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Festival of tasty treats

PUBLISHED: 09:40 12 June 2006 | UPDATED: 11:00 22 October 2010

Alan Ross toasts the tasty delights of sarsaparilla at the Deepdale Food and Drink Festival.

Alan Ross toasts the tasty delights of sarsaparilla at the Deepdale Food and Drink Festival.

CHRIS BISHOP

Rare breed sausages, ribs or nachos..? Washed down with a sarsaparilla, or maybe a real ale brewed from Norfolk barley grown a few miles down the coast.

Briar Feek from The Farmhouse Food Company.

Rare breed sausages, ribs or nachos..? Washed down with a sarsaparilla, or maybe a real ale brewed from Norfolk barley grown a few miles down the coast..?

Norfolk's newest food festival offered an eclectic mix of tastes and treats, from the everyday to the downright indulgent.

Producers from near and far converged on the coast for the EDP-sponsored Deepdale Food and Drink Festival.

More than 2,000 people visited the two-day event - despite the fact day one coincided with England's World Cup debut.

Organiser Jason Borthwick, who has run a successful jazz festival at the Marsh Barn site for some time, decided to try something different this year.

With the coast fast becoming a foody destination and local producers enjoying a boom in popularity, the theme all but chose itself.

“There's so much food along the north Norfolk coast now, it's never ending,” Mr Borthwick said.

“There's lots more talk of new restaurants opening, it's developing quite nicely.”

Butcher Roger Human started specialising in meats from rare breeds 12 years ago, when he left the police force and set up shop in a former pub at Swafield, near North Walsham.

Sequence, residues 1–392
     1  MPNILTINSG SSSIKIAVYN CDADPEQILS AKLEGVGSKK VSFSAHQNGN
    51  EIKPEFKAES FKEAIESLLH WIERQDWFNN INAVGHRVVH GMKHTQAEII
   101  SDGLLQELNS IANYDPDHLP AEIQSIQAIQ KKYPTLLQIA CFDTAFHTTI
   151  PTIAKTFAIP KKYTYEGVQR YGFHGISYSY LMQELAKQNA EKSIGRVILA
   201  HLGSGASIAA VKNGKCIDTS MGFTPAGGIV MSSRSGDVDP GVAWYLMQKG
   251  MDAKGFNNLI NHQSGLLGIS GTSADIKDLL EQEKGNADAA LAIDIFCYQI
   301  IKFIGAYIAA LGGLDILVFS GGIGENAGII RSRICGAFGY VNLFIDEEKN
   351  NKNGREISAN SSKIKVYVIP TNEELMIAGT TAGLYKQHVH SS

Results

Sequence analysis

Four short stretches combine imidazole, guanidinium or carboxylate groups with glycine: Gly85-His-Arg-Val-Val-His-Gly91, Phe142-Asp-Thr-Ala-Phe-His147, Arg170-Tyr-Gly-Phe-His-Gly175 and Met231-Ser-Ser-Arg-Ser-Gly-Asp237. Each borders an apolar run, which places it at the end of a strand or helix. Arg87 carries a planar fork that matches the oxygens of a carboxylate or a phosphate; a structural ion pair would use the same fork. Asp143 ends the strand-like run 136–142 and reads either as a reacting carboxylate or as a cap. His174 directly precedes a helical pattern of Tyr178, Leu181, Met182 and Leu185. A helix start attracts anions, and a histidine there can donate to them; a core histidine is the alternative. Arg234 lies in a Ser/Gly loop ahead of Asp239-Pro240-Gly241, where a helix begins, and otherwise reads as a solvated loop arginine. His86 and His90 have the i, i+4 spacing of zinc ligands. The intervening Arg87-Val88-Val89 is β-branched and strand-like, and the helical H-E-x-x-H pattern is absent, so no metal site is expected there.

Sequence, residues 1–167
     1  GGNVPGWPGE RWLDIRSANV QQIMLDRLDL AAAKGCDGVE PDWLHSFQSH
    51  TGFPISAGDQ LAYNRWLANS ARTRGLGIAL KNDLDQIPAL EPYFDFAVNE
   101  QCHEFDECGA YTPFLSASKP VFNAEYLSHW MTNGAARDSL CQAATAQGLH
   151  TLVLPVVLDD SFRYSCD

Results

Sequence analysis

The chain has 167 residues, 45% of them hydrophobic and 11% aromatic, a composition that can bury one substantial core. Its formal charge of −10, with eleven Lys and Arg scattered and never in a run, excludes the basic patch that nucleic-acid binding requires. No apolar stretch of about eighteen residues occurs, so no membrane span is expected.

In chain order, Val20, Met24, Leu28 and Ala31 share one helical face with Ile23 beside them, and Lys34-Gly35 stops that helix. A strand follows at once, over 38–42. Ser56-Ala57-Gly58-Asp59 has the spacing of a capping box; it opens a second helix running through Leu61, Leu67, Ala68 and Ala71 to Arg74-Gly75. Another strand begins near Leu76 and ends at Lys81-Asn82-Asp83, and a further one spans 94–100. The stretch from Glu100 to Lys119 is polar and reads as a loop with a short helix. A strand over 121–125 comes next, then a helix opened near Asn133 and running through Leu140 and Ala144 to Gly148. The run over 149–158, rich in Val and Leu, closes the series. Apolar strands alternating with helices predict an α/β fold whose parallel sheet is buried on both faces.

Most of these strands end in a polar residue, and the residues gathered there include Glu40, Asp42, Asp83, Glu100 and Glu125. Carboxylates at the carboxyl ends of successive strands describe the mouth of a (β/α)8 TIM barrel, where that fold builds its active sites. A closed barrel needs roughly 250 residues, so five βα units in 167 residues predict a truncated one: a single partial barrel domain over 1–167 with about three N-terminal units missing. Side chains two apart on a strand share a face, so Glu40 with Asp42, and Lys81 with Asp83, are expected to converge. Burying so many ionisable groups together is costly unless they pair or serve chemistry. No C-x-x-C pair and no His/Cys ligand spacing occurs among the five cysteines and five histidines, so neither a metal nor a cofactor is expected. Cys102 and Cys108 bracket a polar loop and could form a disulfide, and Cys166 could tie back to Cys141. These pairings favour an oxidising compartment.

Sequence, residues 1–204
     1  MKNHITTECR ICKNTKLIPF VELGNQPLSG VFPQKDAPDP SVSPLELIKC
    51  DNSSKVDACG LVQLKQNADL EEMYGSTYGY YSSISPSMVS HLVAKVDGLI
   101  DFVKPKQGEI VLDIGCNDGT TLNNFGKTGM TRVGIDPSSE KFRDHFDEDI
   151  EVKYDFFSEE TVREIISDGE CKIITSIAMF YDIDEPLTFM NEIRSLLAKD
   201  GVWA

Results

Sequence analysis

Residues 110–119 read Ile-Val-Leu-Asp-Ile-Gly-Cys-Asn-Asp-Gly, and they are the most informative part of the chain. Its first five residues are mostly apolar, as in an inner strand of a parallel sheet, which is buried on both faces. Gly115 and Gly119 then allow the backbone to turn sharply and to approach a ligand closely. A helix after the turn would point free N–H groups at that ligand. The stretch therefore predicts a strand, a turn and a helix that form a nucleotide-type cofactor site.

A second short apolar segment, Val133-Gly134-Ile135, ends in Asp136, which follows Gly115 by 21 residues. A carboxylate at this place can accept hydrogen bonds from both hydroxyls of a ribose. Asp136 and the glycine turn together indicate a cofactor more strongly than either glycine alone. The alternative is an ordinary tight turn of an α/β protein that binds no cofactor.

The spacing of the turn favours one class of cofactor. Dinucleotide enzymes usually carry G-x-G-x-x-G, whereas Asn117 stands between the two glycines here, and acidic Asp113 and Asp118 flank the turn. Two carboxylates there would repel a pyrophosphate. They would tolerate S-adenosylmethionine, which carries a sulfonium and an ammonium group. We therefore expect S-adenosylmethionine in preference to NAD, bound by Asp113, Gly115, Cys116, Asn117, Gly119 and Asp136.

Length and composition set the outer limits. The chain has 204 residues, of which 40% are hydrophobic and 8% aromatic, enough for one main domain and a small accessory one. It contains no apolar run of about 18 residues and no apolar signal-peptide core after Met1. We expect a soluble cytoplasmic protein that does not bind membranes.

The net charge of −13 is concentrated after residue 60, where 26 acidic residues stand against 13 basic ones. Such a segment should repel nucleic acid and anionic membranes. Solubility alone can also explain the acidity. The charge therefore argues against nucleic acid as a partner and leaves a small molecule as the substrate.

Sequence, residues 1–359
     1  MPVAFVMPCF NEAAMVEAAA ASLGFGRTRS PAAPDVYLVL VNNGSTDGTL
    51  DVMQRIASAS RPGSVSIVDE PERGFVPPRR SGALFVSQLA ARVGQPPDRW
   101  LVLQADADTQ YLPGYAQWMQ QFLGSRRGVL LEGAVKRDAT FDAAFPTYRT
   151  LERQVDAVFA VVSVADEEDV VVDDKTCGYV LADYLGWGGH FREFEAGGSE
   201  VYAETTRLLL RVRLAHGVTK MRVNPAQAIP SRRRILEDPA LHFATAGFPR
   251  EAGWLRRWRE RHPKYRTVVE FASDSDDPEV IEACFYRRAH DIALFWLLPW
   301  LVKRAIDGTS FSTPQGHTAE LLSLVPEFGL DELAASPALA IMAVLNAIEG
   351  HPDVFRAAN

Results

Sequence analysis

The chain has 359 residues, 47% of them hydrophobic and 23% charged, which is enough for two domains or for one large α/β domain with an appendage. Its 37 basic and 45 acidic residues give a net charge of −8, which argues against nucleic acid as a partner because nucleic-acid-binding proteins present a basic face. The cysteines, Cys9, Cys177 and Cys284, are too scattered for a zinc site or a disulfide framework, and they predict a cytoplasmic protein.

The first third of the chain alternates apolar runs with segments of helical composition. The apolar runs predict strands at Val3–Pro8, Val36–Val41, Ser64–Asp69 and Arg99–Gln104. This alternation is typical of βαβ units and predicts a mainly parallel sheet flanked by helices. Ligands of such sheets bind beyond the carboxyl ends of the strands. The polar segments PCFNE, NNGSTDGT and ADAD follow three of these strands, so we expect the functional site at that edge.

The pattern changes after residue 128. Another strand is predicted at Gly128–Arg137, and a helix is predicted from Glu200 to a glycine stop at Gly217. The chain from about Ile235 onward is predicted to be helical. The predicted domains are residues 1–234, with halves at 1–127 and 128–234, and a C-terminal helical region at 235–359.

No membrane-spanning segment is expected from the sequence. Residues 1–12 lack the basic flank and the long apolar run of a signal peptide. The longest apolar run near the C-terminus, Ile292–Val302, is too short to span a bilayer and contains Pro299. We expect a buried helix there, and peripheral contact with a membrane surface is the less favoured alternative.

“The rare breed pig is a nice, docile animal which has a wonderful flavour and makes marvellous sausages,” he said. “When I tasted the first sausages, they took me back to Basil Crank who used to have a pork shop in Norwich.

“I used to go and queue up there for his sausages as a teenager.”

A steady stream of customers came to try out the samples of pork pie and sausage from traditional pig breeds like the Gloucester Old Spot, Tamworth and Large Black.

Also popular were samples of Holkham venison being handed out by Julian Stoyel, the estate's deer manager. Fallow deer have a more subtle flavour than the larger red deer or the pint-sized muntjac, which have a more catholic diet.

“I'm passionate about educating people about venison,” he said. “They think it's unaffordable and a whole carcass would set you back £400 if you charge what the supermarkets charge for it.”

Bought locally the equivalent of a half carcass costs around £50. One cut which Mr Stoyel sells for £20 retails in city supermarkets for more than three times as much.

Horn of Plenty, Penny bun and Chanterelle are just three of the wild mushroom varieties Jenny Bale, from Mileham, imports from Hungary.

“They all have strong flavours and add a unique flavour to your cooking,” she said.

While the emphasis was very much on sampling titbits and trying new things, a cool, shaded bar offering the wares of Heacham's Fox Brewery was an obvious draw as temperatures on the coast soared into the 70s.

Visitors to the festival were asked to vote for their favourite food and drink. The winners were:

Food

Gold: Suffolk Larder. Friston-based producers of mustards and sauces from natural Suffolk ingredients. Each comes in a collectable decorative pot designed by East Anglian artists.

Silver: Tavern Tasty Meats. Traditionally-reared meats from Norfolk's only accredited rare breeds butcher. Based at Holt and North Walsham.

Bronze: KidHugs Hunny. The oldest food in the world in a rainbow of flavours.

Drink

Gold: Fox Brewery, Heacham. Range of beers produced at the Fox and Hounds pub, Heacham.

Silver: Pageant Wines. Framlingham-based supplier of organic wines from around the world.

Bronze: The Taste of Yesterday. Sarsaparilla and ginger beer.


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